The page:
Owing mainly to his level of education, Home turned to surveying as it was an occupation looked upon with respect in the colony.  In 1728, Home was first appointed Surveyor of Spotsylvania County and later Surveyor of the Counties of Orange and Frederick. In 1729, he was also commissioned as a lieutenant in the colonial militia.  The colonies, by virtue of distance, offered some former Jacobites new opportunities, as time and distance made it more difficult for them to sustain Jacobite-related revolutionary ideologies. Still, risks remained for those publicly indicted because of previous Jacobite adherence. For instance, Lieutenant General Willem (or William) Anne van Keppel, second Earl of Albemarle, was appointed Governor-in-Chief of Virginia between 1737 and 1754. He commanded the government front line at the Battle of Culloden, becoming Commander-in-Chief of all British forces in Scotland in 1746-47.  Albemarle never set foot on Virginian soil, to the probable good fortune of George Home, for, as Edgar Erskine Hume notes, ‘his Lordship had no liking for Jacobites, past or present’.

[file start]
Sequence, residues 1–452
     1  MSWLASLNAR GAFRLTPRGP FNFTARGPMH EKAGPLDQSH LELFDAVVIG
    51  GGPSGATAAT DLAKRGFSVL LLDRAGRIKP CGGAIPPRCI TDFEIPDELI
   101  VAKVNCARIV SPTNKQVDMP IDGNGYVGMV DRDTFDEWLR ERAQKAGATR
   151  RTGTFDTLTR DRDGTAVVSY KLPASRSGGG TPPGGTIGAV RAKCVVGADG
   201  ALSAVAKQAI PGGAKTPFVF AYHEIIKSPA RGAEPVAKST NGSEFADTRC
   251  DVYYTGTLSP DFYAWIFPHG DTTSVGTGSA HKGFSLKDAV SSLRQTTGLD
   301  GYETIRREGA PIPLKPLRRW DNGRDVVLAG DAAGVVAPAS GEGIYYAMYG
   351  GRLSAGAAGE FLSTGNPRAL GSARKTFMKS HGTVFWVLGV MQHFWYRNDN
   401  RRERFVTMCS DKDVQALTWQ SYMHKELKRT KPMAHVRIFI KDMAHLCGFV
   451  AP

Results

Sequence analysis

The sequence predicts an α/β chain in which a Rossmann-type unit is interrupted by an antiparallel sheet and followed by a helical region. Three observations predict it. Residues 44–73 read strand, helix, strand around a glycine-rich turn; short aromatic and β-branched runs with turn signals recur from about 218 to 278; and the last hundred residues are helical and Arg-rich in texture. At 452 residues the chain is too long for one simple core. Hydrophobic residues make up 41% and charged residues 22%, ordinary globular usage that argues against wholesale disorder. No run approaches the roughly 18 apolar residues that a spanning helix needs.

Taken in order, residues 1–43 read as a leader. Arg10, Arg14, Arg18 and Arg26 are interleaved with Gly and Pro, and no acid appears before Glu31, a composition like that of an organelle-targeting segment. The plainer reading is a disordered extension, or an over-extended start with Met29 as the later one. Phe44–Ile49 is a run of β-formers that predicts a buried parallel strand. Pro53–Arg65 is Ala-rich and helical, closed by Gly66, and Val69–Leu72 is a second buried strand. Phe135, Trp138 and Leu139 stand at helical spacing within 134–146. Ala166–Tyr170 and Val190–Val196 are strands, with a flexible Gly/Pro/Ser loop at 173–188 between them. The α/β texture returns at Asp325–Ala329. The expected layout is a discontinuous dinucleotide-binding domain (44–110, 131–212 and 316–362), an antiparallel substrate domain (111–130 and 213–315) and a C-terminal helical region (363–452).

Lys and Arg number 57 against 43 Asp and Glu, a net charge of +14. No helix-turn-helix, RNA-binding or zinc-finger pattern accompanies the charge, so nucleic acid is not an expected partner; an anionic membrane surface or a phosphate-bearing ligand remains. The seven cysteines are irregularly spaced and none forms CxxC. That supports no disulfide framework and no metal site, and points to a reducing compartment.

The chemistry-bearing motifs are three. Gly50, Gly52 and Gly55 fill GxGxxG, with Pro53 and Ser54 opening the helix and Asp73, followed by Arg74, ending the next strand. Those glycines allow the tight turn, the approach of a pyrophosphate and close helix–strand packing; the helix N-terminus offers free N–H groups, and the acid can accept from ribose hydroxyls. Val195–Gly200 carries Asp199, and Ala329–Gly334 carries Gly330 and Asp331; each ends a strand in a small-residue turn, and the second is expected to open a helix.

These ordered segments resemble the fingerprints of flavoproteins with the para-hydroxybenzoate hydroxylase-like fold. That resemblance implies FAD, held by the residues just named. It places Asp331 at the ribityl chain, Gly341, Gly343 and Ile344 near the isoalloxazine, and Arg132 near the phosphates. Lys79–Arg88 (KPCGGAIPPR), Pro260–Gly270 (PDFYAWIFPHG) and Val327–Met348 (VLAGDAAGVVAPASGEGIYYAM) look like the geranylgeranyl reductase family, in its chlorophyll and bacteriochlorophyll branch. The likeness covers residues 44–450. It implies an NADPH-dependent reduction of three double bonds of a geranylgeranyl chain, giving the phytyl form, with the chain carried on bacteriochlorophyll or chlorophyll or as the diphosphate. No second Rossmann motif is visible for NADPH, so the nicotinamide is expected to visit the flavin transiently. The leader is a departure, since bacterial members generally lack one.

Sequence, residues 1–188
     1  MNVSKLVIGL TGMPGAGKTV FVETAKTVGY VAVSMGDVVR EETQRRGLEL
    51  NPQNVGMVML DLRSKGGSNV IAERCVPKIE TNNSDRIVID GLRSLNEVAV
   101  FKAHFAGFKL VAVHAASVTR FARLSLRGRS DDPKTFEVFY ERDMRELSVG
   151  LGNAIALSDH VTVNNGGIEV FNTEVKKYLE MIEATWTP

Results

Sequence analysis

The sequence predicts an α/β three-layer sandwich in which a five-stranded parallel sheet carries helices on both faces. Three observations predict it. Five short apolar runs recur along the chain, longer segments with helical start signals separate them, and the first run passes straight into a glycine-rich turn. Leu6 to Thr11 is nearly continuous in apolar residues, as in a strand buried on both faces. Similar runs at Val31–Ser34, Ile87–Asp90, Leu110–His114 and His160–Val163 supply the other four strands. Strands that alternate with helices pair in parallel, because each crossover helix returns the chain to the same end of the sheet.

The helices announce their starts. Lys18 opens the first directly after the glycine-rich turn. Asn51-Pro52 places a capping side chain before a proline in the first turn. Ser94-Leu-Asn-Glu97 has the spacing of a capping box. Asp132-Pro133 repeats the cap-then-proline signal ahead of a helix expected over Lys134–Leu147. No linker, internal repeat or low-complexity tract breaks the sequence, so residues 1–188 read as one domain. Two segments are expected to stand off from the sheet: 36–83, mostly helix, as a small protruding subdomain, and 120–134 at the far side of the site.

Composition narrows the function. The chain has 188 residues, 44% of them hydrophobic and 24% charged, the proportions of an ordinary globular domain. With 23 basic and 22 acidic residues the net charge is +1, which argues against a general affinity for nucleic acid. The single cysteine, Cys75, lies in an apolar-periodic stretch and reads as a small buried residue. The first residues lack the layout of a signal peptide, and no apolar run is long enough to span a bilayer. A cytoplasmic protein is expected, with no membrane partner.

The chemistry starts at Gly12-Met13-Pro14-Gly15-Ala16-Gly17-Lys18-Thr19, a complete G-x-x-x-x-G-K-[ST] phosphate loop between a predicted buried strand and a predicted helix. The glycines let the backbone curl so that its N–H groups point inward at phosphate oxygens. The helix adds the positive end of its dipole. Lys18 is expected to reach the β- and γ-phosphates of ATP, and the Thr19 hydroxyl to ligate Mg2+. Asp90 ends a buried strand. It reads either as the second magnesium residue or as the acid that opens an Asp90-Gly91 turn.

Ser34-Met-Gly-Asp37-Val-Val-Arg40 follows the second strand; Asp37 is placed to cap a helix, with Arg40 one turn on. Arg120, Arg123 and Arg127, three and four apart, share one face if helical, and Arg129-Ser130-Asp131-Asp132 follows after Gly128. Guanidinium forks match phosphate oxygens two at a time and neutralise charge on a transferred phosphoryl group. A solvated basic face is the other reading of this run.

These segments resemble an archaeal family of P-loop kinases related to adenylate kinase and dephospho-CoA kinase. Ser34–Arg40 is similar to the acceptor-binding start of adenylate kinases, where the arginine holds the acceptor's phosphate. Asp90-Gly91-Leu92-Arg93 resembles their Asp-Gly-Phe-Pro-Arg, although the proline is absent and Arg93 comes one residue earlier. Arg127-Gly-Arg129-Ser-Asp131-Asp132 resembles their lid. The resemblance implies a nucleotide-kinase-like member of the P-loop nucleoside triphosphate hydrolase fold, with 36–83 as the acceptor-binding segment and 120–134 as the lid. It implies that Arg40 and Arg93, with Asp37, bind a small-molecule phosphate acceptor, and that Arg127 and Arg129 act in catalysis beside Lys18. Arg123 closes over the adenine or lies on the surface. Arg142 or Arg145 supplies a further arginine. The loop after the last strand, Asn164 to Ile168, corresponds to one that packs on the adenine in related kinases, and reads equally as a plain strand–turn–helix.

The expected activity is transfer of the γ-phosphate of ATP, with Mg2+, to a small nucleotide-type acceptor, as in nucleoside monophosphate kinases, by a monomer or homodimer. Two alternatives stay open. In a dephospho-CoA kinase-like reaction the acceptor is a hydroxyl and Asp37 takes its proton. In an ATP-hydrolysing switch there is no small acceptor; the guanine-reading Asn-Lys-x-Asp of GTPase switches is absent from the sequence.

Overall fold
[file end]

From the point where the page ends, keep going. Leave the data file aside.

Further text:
In 1748, surveying or ‘civil engineering’ would bring the two Georges – Home and Washington – into each other’s orbits. Under the patronage and employment of the Scottish peer Thomas Fairfax, sixth Lord Fairfax of Cameron, Washington eagerly took up an opportunity to learn this craft from the then well-established Home.  They worked closely together and are mentioned in several surveys of tidewater counties, with Home recorded as Crown Surveyor and Washington as Assistant Surveyor.  Home likely recommended Washington to the College of William and Mary so the younger man could assume surveyorship of the recently created county of Culpeper, which he did in 1749.  The adolescent Washington’s association with this one-time Scottish Jacobite was his most intimate professional relationship before his military and political careers commenced, and the two men remained good friends after their professional relationship through surveying ended. ‘Emigrant George Home’, as he became known to his descendants, died in Culpeper sometime in early 1760.